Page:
Idaho

Blm Chief To Lead Forest Service Mike Dombeck Will Succeed Departed Jack Ward Thomas

Mike Dombeck, the acting head of the Bureau of Land Management who grew up near a national forest in Wisconsin and studied fisheries biology, was named Friday as the next chief of the Forest Service.

“For someone that grew up 25 miles from a town of 1,500, working as a fishing guide and hunting and roaming through the woods in the Chequamegon National Forest in northern Wisconsin’s beautiful lake country, this is a tremendous honor,” Dombeck told reporters.

Dombeck, 48, who was born in Stevens Point, Wis., and grew up in Hayward, Wis., will become the 14th chief of the 91-year-old Forest Service effective Jan. 6, Agriculture Secretary Dan Glickman said.

He succeeds Jack Ward Thomas, who resigned last month.

“Mike is the right leader to continue the Forest Service’s rich tradition of conservation leadership, manage the public resource and lead the agency into the next century,” Glickman said during a news conference at USDA headquarters.

His appointment was welcomed by environmental groups who like his experience in fisheries work. The impact of logging and livestock grazing on fish populations is a growing environmental concern, especially in the West.

“We are confident Mike’s skills and experience with fisheries and ecosystems will provide a new direction for the Forest Service and better management of the nation’s rivers,” said Tom Cassidy of American Rivers, a river conservation group.

Two key Republicans on Capitol Hill - Sens. Frank Murkowski of Alaska and Larry Craig of Idaho - raised concerns about the appointment but said they looked forward to working with Dombeck.

Murkowski, chairman of the Senate Energy and Natural Resources Committee, said he was disappointed that the new chief didn’t come from within the ranks of the Forest Service.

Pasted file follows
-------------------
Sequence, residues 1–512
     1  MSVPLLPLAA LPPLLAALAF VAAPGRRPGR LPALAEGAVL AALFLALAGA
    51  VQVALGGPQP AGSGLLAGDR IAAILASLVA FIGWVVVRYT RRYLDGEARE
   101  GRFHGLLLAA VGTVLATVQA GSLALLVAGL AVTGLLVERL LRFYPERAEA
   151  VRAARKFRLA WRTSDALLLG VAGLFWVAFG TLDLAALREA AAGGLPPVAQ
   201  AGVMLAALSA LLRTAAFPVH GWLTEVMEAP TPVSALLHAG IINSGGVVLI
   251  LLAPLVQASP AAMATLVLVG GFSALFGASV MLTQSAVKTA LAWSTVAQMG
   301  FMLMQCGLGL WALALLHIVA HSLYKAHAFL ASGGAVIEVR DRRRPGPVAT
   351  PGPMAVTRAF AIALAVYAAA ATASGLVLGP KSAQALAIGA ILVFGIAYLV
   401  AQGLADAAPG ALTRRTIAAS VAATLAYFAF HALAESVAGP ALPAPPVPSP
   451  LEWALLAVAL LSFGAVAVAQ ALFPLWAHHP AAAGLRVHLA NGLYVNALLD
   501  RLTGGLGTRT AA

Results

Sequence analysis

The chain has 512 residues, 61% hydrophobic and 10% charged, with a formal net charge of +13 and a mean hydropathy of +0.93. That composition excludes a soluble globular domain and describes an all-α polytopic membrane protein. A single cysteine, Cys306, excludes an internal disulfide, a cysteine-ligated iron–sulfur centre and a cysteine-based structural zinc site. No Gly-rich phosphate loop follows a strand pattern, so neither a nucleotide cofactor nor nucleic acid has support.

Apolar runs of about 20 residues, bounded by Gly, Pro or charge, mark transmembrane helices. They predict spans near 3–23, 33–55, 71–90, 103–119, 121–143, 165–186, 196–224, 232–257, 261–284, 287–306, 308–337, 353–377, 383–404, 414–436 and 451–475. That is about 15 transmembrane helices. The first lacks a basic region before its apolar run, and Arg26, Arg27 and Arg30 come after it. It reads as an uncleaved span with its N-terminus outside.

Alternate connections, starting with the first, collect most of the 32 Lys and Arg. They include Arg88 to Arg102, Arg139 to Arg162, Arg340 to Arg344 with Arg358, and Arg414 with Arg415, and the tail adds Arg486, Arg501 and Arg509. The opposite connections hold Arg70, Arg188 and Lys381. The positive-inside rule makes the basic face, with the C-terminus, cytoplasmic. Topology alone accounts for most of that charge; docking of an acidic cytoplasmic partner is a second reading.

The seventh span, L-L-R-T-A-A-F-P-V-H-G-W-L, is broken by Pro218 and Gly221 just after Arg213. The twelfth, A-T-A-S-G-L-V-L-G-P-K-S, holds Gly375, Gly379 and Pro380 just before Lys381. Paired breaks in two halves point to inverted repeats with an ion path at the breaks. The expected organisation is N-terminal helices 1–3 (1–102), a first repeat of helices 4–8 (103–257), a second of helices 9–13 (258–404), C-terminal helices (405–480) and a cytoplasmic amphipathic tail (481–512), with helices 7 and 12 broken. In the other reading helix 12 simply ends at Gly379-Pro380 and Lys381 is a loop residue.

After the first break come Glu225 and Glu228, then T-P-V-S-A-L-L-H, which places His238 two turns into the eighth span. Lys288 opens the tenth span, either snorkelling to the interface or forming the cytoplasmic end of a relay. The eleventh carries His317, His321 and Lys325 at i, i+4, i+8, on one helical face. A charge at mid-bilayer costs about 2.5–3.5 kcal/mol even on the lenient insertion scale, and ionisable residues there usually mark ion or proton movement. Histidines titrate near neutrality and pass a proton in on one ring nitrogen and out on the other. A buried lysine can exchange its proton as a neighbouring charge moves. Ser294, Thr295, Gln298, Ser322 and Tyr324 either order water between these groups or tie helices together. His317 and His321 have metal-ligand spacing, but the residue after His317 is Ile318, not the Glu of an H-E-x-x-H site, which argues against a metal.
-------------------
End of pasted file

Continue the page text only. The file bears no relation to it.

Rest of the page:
Craig, chairman of the panel’s forestry subcommittee, said Dombeck had gotten “crossways with Congress” when he lobbied in support of grazing fee reforms.

“Barring a repeat of that unfortunate episode, I believe I would be able to work in a positive way with Mr. Dombeck. … He’s got a good background in natural resource management,” Craig said.

Dombeck said his first priority as chief will be to “build on the rich tradition of working closely with local communities to restore and maintain productive, healthy and diverse ecological systems.

“As managers of the public trust, our job is to ensure that all who use the land - be they anglers, timber companies or hikers - support the land’s conservation and restoration,” he said.

Dombeck attended the University of Wisconsin and the University of Minnesota before earning a Ph.D. in fisheries biology at Iowa State University. A Forest Service worker for 12 years, he left his job as the manager of the agency’s national fisheries program in 1989. He joined the BLM as a science adviser, working his way to the acting director’s job in February 1994.

MEMO: Cut in the Spokane edition

This sidebar appeared with the story: MICHAEL P. DOMBECK Job: Forest Service chief Born: Stevens Point, Wis., Sept. 21, 1948 Lives: Vienna, Va. Family: Married, one daughter Education: Ph.D., fisheries biology, Iowa State University; master’s in zoology, University of Minnesota; bachelor of science, biology, University of Wisconsin-Stevens Point. Most recent position: acting director of Bureau of Land Management, 1994-present.

Cut in the Spokane edition

This sidebar appeared with the story: MICHAEL P. DOMBECK Job: Forest Service chief Born: Stevens Point, Wis., Sept. 21, 1948 Lives: Vienna, Va. Family: Married, one daughter Education: Ph.D., fisheries biology, Iowa State University; master’s in zoology, University of Minnesota; bachelor of science, biology, University of Wisconsin-Stevens Point. Most recent position: acting director of Bureau of Land Management, 1994-present.



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